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Richard practicing his sword skills Noblewisdom has decided to create a series of portraits of non-Chinese Falun Dafa practitioners. This is done with several purposes, one of which is to inspire people familiar or not familiar with Falun Dafa, and show them different perspectives and life paths that are all inside the great cultivation way of Falun Dafa. Another purpose is to show non-practitioners some examples of the ideas and lifestyles of these practitioners. In our first article we present a veteran practitioner from Sweden who lives in Switzerland since 27 years, the 47 year old Richard Kleinert. I had the pleasure to discuss matters of life and cultivation with the humble Kung Fu Master living in Zurich. Time flied during our talk and I can honestly say that I am honored to be a friend of Richard. In my opinion his humility and simplicity is the foundation of his wisdom and his deep seated powers. BACKGROUND Richard´s father is Swiss, and his mother is Swedish, and he grew up in a small Swedish city near the Norwegian border in a family of seven. In his family almost, everyone practiced martial arts from an early age, but Richard had a particularly strong interest and he practiced martial arts with great intensity and passion. Richard has practiced western boxing, Wing Chun, Kali Escrima, Shaolin Kung Fu and Tai Chi Quan among many other systems of the Buddhist and Daoist systems from both China and Japan.
RICHARD LEARNED KUNG FU FROM TAKY KIMURA
Taky Kimura and Bruce Lee around 1962
After Richard had finished his studies in alternative medicine and natural sciences in 1990 he moved to Zurich, Switzerland, the homeland of his father. In 1994 he travelled to the US and practiced martial arts under the guidance of the great Master Taky Kimura, one of the very close friends, co-actors and the top student of legend Bruce Lee.
Richard explains: The time with Taky Kimura in Seattle was relatively short, but no less instructive. I felt that the principles of simplicity, spontaneity and naturalness of Jeet Kune Do had come to my heart.
Although the JKD principle was the guiding principle of my martial arts, I did not want to use the name of Bruce Lee’s “Jeet Kune Do” and his reputation for my new school.
Bruce Lee taught that one should believe in oneself and one’s uniqueness and not imitate others like a parrot. Some people have really learned Bruce Lee’s techniques and movements very well. Even so, no matter how good they are, they cannot be Bruce Lee. There will always be only one Bruce Lee. It really isn´t about becoming the same as Bruce Lee or anyone else. It’s about being yourself and appreciating yourself. This is our most important life task. Striving to be different from what we already are deprives us of our own self-worth and inner peace.
Our value can´t be measured by our abilities and actions. Every single life is absolutely unique and immeasurably valuable.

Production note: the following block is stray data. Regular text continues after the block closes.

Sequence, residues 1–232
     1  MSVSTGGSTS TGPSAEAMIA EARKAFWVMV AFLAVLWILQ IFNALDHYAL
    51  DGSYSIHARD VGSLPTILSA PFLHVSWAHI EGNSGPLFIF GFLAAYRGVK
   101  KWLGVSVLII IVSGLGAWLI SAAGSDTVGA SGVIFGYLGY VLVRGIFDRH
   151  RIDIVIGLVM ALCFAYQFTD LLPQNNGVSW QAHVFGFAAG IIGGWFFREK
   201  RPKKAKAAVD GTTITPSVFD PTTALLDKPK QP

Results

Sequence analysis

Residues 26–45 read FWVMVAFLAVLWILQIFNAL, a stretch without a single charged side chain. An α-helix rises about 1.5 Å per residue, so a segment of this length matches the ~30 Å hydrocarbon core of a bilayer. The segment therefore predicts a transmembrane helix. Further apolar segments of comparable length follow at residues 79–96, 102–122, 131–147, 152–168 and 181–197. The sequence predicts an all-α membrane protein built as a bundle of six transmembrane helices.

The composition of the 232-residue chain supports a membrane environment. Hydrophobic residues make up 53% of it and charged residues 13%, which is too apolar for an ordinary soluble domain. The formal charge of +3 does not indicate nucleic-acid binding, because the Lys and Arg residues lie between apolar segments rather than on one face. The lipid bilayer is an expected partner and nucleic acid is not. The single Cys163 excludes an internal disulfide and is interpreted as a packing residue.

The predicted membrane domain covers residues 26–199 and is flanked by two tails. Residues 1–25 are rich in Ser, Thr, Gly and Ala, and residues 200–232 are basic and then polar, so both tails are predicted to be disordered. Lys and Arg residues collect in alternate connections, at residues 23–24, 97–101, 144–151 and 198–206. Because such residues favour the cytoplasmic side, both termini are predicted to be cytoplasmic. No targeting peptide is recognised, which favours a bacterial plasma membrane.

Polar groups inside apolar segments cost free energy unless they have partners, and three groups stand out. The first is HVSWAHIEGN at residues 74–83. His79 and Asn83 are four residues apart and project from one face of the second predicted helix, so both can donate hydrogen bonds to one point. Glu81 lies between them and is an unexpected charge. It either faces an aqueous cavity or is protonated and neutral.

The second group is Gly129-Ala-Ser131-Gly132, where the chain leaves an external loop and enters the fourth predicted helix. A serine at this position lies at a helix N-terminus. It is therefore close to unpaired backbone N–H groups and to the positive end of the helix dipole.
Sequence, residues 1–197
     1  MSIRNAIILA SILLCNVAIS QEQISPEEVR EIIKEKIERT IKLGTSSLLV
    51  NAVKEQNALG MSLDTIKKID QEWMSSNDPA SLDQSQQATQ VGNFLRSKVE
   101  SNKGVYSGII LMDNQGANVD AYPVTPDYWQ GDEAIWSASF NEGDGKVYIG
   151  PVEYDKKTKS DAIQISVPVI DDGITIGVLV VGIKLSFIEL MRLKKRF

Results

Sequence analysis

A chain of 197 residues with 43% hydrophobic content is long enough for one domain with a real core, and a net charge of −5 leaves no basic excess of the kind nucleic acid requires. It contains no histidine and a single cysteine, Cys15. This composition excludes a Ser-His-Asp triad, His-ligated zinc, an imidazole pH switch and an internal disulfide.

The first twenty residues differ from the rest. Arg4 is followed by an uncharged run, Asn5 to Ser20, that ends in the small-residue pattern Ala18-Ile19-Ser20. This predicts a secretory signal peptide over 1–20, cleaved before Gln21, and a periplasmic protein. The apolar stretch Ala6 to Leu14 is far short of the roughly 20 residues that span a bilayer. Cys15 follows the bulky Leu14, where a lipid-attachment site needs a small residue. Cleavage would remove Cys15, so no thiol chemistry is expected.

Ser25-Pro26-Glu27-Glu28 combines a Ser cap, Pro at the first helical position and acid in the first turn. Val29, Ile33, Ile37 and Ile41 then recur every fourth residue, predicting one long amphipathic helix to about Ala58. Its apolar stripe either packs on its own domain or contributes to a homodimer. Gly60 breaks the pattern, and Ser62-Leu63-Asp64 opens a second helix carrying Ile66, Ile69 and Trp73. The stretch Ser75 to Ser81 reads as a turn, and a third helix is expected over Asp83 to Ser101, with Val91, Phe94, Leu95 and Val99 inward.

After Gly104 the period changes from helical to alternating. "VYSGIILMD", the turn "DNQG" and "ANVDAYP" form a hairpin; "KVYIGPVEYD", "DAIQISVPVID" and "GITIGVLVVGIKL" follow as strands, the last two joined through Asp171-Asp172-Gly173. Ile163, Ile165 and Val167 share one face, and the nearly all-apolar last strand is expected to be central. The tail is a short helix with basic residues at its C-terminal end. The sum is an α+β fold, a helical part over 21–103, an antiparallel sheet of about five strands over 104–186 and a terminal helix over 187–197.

To fully express the uniqueness and value of each person, there was no more appropriate name than “Zī Rǎn” and thus the “Zī Rǎn Wu Yi Kung Fu School” was born.
Richard and his students on training camp in Sweden 2015
Inspired by the high philosophical values, the inner strength and the richness of Chinese martial arts, Richard founded the Zī Rǎn Wu Yi Kung Fu School in Zurich in 1998 to provide access to the ancient treasures and wisdom of this timeless tradition of martial arts. Richard teaches his deep insights about Kung Fu and at the same time introduces his students to the wondrous cultivation practice of Falun Dafa. The term Zī Rǎn is not directly to be understood as a fighting style, it is rather the guiding principle and key principle for this way of martial arts. In Chinese, Zì Rán literally means self or natural (Rán) self (Zì). It signifies the primordial nature of all things, equal to spiritual clarity – the foundation of everything we do. Wu yi comes from the northern Song dynasty term of martial arts. Implemented in martial arts, Zì Rán means synchronization and harmony of learned techniques and natural, spontaneous instinct. Zì Rán Wǔ Yì Kūng Fū is the subtle art of uniting the essence of the mind with the technique in which it comes to fruition. Martial arts is a special art because its nature is such that it directly faces joy, suffering, life and death as Richard explains. If a Kung Fu practitioner can renounce his selfishness and let go of the idea of life and death, then he can enter the present where the true reality is. It is a glorious and liberated state of being. The martial arts concerns the self-education and self-exploration. This concerns a very profound topic – your own self-realization. This makes martial arts a science and an art of living. Also, each person is unique and therefore each student must find his natural style of Kung Fu in order to reach his full potential and therefore the teachings must leave enough room for each person´s unique characteristics to be expressed. There are three levels in Richard´s Kung Fu. The first one is to learn how to protect yourself. The intermediate level includes both protecting yourself and others. The high level requires how to protect yourself and others while protecting the wellbeing of your opponent. Richard has enlightened that if we can let go of the resistance in ourselves (which is mostly caused by fear) we can pacify others and we will automatically move our body in the most natural and effective way to avoid injury both in ourselves and in our opponent.